Sunday, April 20, 2008

The Tower of Babel

Communication is a tricky thing. In one way or another, it forms a large part of my job (and the rest of my life) so I wish that I were much better at it. The problems begin with language but certainly don't stop there.

The book of Genesis tells a curious story in which God is threatened by the potential of human co-operation and so deals with this threat by spreading people all over the world and giving them different languages. The story clearly has an aetiological function and also serves as a warning against hubris. Now if this last sentence proves to you that I'm terrible at communication because I use unfriendly words, then part of my point has been made: even when we speak the same language, communication is not assured.

Context is critical. Few people today would characterise God in such a clearly anthropomorphic fashion as the writer of the Babel story - what kind of God is threatened by humans, would discourage our co-operation and would punish us by intentionally hindering our communication?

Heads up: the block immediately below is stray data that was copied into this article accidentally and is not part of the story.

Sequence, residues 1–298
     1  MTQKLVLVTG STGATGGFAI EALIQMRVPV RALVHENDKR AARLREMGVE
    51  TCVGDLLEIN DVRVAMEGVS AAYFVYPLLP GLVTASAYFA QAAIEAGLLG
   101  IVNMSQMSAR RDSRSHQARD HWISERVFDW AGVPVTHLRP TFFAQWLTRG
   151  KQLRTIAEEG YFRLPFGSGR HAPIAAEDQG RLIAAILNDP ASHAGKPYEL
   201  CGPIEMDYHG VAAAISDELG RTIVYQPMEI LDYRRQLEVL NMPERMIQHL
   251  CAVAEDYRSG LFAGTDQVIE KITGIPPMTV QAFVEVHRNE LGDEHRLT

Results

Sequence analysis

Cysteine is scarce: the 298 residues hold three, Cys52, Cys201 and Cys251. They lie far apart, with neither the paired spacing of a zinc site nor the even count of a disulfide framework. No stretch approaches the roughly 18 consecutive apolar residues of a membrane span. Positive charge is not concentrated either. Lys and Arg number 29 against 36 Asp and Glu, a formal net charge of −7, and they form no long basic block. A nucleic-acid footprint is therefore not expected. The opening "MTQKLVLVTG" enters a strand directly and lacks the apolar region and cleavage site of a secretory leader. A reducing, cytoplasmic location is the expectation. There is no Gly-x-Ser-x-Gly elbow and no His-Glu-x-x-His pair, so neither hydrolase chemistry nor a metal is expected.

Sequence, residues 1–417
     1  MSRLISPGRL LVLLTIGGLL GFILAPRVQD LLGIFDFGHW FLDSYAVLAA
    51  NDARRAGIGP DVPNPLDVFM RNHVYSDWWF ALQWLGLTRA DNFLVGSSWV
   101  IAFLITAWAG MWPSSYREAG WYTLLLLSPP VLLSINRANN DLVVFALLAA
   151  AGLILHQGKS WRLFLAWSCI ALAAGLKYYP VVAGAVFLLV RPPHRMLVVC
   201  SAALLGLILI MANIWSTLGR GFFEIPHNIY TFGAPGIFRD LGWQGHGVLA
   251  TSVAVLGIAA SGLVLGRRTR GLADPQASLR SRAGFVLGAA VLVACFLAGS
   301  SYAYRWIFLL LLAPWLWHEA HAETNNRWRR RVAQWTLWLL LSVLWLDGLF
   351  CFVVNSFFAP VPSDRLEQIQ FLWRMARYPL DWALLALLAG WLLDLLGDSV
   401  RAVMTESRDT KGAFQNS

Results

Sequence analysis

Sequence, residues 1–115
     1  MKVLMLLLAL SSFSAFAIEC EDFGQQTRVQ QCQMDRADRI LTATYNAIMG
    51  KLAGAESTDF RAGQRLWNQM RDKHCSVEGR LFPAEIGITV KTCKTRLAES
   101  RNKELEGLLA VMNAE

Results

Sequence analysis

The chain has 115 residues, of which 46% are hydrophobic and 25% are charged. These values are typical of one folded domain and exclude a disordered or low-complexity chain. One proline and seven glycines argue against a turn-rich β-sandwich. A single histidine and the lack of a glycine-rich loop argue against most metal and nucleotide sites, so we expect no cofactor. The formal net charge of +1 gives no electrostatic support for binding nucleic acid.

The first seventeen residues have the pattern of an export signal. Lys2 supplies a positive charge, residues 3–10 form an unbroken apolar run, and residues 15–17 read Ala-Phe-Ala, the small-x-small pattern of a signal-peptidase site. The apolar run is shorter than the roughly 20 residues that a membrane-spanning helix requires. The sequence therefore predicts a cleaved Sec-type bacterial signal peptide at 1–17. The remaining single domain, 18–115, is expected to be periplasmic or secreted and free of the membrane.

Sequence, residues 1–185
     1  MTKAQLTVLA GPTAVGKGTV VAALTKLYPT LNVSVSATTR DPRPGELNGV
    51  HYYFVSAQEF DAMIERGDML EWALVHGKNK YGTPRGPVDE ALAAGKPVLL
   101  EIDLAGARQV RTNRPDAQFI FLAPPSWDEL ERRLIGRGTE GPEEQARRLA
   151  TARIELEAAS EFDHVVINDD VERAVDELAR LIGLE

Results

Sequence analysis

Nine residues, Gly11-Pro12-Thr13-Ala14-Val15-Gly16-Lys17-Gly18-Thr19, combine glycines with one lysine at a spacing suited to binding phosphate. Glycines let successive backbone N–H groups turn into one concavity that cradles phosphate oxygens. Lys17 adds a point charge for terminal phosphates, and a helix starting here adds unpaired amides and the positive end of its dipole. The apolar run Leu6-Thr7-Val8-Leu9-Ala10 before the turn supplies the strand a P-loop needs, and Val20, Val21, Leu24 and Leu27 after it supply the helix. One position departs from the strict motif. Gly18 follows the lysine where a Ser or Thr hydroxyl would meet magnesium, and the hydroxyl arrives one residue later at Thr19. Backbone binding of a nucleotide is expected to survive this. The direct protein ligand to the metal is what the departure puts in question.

Of course, there's more to the story. The humans in the story aim to make a name for themselves by building a tower that reaches the heavens - they want to be like gods. When Christians say that they want to be like Jesus, this has quite a different meaning. It's not about the wondrous accomplishments or the incredible structures we have built, but simply about a life given in generosity to others. Invariably, such a life communicates far better than any words.

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